Like a lot of other people, I was really excited when I finally got my chance to get the COVID vaccine.
Maybe it’s not other people’s idea of fun, but one of the very first things I did was schedule an appointment to go see the dentist for a cleaning.
I was overdue to go. It didn’t help that just a few months before the pandemic I’d relocated cross-country to a completely new area. When COVID hit, finding a local dentist and setting up a visit was the last item on my adulting to-do, the last remnant of everything that needed to be done for the move (taking a backseat to other concerns related to fixing up and selling our old house, etc.)
Having relocated to the area for professional reasons, we’d hoped that coworkers would be a good source of information about a good dental practice. That was, after all, how we’d found our old dentist — a lot of Justin’s coworkers went there and raved about the place.
But this time, we were instead met with complaints about how everyone hated their own dentists and why.
Not a promising start.
Anyway, it was there as something I was working on — before the pandemic swept in and it was even easier than before to procrastinate on it.
Yes, I Made a Bracket System. I’m Like That.
Anyway, after I got my first COVID vaccine shot and had an appointment set up for the second, I did extensive research online of the dentists in our area. I read their websites, read online reviews (not simply glancing at aggregate scores but digging in deep).
Then I basically created a makeshift bracket system where I made them fight against each other, based on various criteria that were important to us (competence, good location, fair prices, good with patients with dental anxiety — since we both have it, etc.). Exactly like a sports tournament, yes.
And as I compared the practices, a winner emerged. I called to confirm that they accepted our insurance and set up a couple of new patient appointments that were three weeks after we’d both be fully vaccinated.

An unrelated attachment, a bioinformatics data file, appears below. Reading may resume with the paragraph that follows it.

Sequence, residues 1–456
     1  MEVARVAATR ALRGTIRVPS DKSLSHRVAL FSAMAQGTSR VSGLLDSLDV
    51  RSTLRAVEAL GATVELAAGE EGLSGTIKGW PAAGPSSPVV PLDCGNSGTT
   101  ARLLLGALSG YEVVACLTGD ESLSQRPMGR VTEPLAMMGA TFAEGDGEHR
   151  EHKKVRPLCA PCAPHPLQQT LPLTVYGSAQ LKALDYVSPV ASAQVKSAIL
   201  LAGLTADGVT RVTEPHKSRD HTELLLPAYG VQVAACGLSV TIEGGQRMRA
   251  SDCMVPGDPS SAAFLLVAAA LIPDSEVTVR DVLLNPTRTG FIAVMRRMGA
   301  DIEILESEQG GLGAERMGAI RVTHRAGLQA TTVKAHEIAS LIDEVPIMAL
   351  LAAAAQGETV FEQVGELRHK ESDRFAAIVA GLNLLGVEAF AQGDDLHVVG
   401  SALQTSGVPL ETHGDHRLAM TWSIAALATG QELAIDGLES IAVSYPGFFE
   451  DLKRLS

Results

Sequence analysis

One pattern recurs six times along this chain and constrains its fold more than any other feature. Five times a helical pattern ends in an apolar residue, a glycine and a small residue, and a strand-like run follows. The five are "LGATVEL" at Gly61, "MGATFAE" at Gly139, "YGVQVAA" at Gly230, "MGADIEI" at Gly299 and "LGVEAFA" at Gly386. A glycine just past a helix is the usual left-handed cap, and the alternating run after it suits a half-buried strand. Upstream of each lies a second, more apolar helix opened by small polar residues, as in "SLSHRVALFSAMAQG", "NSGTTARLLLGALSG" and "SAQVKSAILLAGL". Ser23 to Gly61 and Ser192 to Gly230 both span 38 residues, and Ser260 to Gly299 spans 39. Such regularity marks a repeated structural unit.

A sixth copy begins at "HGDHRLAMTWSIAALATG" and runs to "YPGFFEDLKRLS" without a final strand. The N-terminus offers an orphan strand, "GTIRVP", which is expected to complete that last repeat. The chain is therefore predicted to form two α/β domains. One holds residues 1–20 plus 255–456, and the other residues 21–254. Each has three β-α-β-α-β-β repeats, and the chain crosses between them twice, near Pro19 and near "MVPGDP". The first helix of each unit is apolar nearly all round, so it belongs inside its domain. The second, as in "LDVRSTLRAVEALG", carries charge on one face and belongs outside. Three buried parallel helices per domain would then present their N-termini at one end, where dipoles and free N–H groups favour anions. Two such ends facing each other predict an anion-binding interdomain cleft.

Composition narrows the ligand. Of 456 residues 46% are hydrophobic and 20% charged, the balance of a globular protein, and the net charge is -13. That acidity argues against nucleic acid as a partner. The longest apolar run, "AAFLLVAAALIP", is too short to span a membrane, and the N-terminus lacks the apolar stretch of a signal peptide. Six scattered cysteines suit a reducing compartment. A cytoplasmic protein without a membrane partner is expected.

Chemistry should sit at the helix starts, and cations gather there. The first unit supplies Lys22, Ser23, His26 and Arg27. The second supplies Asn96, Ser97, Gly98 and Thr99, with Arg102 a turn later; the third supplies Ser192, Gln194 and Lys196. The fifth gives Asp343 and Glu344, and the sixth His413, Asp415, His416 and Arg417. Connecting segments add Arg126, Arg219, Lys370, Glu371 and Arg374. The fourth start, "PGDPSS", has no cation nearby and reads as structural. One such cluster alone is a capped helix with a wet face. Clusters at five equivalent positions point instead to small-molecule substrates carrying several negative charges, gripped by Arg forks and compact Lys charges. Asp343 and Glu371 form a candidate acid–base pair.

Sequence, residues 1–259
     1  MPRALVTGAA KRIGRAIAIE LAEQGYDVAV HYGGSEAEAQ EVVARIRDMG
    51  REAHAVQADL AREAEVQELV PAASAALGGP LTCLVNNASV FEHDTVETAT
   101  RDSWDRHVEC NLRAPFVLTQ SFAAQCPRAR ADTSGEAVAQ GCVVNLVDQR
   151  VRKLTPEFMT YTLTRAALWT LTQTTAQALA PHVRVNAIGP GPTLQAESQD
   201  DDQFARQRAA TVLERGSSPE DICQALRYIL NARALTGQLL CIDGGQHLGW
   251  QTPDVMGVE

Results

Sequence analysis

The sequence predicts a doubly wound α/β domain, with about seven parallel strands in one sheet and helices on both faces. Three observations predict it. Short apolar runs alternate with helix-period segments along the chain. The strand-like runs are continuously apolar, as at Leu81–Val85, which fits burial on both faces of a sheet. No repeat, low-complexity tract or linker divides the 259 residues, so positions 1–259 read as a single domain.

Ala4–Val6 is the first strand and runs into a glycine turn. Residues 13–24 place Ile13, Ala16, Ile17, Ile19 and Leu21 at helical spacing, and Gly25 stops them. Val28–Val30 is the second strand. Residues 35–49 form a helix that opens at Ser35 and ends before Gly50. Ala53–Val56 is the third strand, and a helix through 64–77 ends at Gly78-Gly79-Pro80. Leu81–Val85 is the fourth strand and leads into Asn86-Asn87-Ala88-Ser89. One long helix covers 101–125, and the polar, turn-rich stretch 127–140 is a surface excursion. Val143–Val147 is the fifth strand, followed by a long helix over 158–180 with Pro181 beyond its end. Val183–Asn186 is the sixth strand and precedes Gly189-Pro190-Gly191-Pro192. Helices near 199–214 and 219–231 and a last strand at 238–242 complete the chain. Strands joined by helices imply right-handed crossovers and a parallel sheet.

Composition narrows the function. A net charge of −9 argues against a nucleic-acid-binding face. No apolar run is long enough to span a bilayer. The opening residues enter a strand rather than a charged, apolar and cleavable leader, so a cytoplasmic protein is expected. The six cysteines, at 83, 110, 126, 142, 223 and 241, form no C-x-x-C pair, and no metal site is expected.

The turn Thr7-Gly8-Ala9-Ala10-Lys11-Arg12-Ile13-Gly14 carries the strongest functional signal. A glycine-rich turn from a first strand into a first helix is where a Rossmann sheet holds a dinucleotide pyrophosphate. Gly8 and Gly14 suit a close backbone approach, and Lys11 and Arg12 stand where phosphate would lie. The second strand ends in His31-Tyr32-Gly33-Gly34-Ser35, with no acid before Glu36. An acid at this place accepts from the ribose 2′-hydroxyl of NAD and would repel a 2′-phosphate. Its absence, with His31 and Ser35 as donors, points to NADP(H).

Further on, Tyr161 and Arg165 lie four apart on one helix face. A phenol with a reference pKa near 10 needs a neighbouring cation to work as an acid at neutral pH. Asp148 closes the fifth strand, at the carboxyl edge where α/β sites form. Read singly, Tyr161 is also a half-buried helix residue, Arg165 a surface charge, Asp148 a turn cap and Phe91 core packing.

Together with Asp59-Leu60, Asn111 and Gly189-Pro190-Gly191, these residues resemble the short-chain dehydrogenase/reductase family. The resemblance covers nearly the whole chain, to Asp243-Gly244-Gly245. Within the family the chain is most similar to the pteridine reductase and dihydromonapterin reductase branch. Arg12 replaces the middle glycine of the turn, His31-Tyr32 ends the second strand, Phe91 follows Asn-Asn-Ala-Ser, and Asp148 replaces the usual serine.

Once You’ve Had Problems, It’s Far Easier to Backslide
The good news is that the practice was wonderful. Just as good as the one we left behind cross-country.
But I’d be lying if I said it was an easy visit. It wasn’t. I definitely am paying the price for not going to the dentist promptly. I need more work than I expected I’d need. (Yes, even though I was diligent in my home care, in my brushing and flossing).
And there’s a reason for this — I didn’t see a dentist for about 15 years, from 18 to 33. Part of it was dental anxiety, sure, but an even bigger reason was because I didn’t have steady insurance. Plus, my life was a whirling ball of chaos — I had so much more pressing issues that I was contending with (mental health, housing instability, etc.).
So when I finally went in to catch up in my 30s, my mouth was kind of a mess. I paid the price — both financially and also in pain and anxiety — to work through it.
But it’s always going to be with me. Because the damage I did then by not going to the dentist doesn’t just magically go away, you know?
It’s funny because my current issues with my teeth are mostly invisible unless you’re an expert and looking closely and doing things like x-raying my mouth (more in the realm of gums that like to backslide at the drop of a hat than anything more noticeable like missing teeth).
The hygienist clearly felt terrible for me. “It’s not fair,” she said, “but once you’ve had problems, it’s far easier to backslide.”
It’s something I’ll likely always be dealing with. Because of my past, I can’t get away with as much.
Not Just Teeth
And it’s not just teeth either. This helped me to understand her instantly — I have a number of ways I’ve changed over the years. I can easily think about the leaps and bounds I’ve made forward regarding mental health.
There’s a lot of healthy coping behavior I had to develop the hard way over the years. These days I have a pretty good support system — but at the time that I was the sickest, the people in my life actually hampered my progress and hindered it.
Anyway, even now, even with a decent support system, I’m finding that I have to be ever-vigilant in making sure that I am coping in healthy ways — and that I don’t stop doing the things that ensure that I stay healthy.
Because it would be far too easy to backslide. I know exactly what she means.